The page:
Of the many methods Josh Bryant uses in his training programs, the rest-pause method is one of his favorites. Unlike most traditional training programs, which are based on sets and reps with an equal duration of rest between each set, the rest-pause method consists of multiple "mini-sets" within one larger rest-pause set. There are many ways to alter this technique, with each serving its own purpose. In this video, Bryant discusses why he likes the rest-pause method and gives examples of ways to implement it.

Bryant begins by talking about the difference between the rest-pause method and cluster sets. Though there is no established, universally-accepted definition of either method, Bryant refers to clusters sets as strictly-defined sets and reps that are designed and then directly adhered to, such as 10 sets of three reps with 15-second breaks between each cluster of three reps. Rest-pause training, on the other hand, is more malleable; it isn't necessarily a specific number of reps per "cluster" or "mini-set" and might instead consist of doing as many triples as you can before hitting failure, with a 15-second break between each set of triples.

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Bryant then explains several styles of rest-pause training. He first explains what he calls "Jim Williams style", in which you use 90% or more of your max and do a single repetition. You then rest anywhere between 15 seconds and 60 seconds and repeat for as many singles as you can hit (or alternatively, for a pre-determined number of singles). This style is more about neural adaptation and strength than hypertrophy. Second, Bryant explains open-ended rest-pause. An example of this technique is to start with six reps of lat pulldowns, 15 seconds of rest, and then doing as many sets as you can until you can no longer hit six reps in a set.

Bryant then lays out his typical use of the rest-pause method. For example, with the bench press, he would recommend to use 65% to 80% of your max and do as many reps as you can. Then rest for 20 seconds and repeat the same weight for as many reps as possible. Rest 20 seconds again and do the same weight one final time for as many reps as possible. This consists of three "mini-sets" at the same weight, to failure each time. What Bryan likes about this technique, he says, is that the three mini-sets within a rest-pause set act as a form of auto-regulation that enable you to push as hard as what is appropriate on a given day; you can either push hard and hit a rep PR on a good day or scale back the intensity on a day you don't feel as strong.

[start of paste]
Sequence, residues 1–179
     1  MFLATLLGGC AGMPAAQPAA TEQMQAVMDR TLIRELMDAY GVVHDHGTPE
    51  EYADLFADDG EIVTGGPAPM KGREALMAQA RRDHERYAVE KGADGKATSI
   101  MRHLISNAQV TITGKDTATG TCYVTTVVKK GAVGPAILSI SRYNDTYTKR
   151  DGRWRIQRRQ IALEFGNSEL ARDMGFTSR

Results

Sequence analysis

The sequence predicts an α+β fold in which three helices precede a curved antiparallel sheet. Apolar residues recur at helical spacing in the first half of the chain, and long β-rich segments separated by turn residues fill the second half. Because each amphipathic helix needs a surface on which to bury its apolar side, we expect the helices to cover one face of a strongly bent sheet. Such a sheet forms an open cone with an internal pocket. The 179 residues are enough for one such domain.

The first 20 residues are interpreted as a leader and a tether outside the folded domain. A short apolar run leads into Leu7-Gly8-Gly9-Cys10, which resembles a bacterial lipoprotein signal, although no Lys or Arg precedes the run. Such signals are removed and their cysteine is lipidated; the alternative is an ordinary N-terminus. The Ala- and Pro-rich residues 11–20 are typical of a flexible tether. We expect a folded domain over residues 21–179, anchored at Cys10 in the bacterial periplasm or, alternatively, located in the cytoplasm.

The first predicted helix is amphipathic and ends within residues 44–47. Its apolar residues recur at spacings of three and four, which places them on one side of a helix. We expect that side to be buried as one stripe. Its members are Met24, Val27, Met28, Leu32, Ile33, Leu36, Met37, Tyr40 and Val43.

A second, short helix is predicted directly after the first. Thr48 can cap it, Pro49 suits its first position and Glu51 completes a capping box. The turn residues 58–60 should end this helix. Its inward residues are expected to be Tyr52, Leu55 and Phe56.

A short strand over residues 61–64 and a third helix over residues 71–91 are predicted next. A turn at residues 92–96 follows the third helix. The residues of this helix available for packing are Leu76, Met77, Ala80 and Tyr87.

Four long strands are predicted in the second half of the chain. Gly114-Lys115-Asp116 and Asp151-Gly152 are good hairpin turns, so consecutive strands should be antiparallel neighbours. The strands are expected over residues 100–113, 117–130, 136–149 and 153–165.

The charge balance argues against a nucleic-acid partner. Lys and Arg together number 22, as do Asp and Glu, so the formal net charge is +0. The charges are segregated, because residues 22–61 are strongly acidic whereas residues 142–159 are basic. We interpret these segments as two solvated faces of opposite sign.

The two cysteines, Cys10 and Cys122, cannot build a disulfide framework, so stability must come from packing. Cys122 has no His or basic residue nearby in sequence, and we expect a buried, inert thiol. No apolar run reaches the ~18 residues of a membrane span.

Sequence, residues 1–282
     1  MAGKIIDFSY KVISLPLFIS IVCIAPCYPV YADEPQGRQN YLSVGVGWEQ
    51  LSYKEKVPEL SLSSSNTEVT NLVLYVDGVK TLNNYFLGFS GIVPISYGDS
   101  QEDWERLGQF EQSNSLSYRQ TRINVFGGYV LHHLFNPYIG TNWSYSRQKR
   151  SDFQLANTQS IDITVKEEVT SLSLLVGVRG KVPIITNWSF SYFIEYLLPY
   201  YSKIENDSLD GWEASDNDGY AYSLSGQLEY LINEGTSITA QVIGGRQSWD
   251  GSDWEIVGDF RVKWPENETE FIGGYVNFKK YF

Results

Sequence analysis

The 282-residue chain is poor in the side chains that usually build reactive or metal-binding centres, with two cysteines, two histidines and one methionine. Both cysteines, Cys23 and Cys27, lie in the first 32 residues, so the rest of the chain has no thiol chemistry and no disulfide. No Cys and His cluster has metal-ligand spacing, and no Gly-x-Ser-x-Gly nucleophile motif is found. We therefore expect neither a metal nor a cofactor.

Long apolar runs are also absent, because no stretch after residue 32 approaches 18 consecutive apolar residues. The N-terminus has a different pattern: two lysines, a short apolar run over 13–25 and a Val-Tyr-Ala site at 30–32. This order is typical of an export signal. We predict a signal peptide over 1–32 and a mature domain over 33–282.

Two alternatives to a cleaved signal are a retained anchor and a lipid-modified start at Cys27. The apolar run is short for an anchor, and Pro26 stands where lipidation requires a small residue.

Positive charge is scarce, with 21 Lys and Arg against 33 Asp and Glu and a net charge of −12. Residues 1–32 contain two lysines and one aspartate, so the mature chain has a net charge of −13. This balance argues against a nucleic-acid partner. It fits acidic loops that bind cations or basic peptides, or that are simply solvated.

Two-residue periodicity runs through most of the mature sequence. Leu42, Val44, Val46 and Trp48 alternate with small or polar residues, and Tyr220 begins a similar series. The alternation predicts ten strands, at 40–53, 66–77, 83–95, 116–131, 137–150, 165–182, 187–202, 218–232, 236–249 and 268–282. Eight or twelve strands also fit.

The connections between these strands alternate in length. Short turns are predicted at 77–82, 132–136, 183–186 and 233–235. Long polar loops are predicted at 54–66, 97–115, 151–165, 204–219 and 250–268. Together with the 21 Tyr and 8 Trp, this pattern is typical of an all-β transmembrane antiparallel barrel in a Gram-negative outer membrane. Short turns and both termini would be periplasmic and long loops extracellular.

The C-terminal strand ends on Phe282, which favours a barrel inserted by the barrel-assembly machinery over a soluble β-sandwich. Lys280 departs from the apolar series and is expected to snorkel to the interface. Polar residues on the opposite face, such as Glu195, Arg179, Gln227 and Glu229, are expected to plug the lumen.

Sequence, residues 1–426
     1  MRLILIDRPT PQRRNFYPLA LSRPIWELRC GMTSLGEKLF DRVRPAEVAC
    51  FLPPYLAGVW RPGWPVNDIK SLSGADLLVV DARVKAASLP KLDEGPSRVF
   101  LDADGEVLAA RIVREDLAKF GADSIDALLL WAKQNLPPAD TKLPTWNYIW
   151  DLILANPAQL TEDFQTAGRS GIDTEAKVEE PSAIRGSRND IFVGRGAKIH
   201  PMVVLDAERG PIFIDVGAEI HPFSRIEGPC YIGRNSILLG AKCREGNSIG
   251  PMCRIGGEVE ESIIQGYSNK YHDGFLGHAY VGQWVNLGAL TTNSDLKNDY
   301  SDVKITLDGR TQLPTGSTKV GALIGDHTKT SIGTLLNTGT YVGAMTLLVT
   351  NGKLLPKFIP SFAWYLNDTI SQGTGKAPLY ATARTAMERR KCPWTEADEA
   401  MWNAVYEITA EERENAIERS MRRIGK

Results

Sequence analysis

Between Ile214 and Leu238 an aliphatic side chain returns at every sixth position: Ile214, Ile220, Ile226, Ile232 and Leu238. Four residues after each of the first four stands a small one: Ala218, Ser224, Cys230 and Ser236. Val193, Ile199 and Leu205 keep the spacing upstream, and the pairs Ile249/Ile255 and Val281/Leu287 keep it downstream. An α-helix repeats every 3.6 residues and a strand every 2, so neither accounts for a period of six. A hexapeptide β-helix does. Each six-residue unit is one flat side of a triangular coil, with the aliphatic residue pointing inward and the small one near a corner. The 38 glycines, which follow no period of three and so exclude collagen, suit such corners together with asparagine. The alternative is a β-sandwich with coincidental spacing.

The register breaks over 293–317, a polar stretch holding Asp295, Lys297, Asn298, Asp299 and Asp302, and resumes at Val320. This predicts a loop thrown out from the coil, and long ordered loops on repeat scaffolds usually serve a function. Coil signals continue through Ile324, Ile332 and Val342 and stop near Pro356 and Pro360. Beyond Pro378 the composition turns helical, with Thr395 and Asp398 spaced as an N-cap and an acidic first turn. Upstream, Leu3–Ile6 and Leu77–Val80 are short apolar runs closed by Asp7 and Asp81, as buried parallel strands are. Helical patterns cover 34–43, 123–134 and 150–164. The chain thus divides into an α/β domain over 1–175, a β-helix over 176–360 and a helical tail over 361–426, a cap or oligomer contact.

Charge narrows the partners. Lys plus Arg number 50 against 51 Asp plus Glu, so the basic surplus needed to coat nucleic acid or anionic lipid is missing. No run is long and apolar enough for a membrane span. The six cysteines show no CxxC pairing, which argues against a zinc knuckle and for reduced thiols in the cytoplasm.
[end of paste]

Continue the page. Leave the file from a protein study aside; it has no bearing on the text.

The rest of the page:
To explain why he calls this technique "the universal gainer," Bryant cites an experiment conducted by Fred Hatfield. He had more than 100 lifters test how many reps they could perform with 80% of their max in various lifts. The results showed a rep range of as low as three reps all the way to as many as 21 or more reps. This means that making a plan to squat 85% for five sets of five can mean something completely different to one lifter than another. On the surface, it looks good, but for some lifters, it is an impossible feat and for others, it is an easy workout. With rest-pause, however, every lifter is able to work with an element of maximal intensity.

By the minute:

  • (0:18) Rest-pause method versus cluster sets
  • (0:55) Three styles of rest-pause
  • (2:51) Bryant's preferred style
  • (4:41) Why Bryant calls rest-pause "the universal gainer"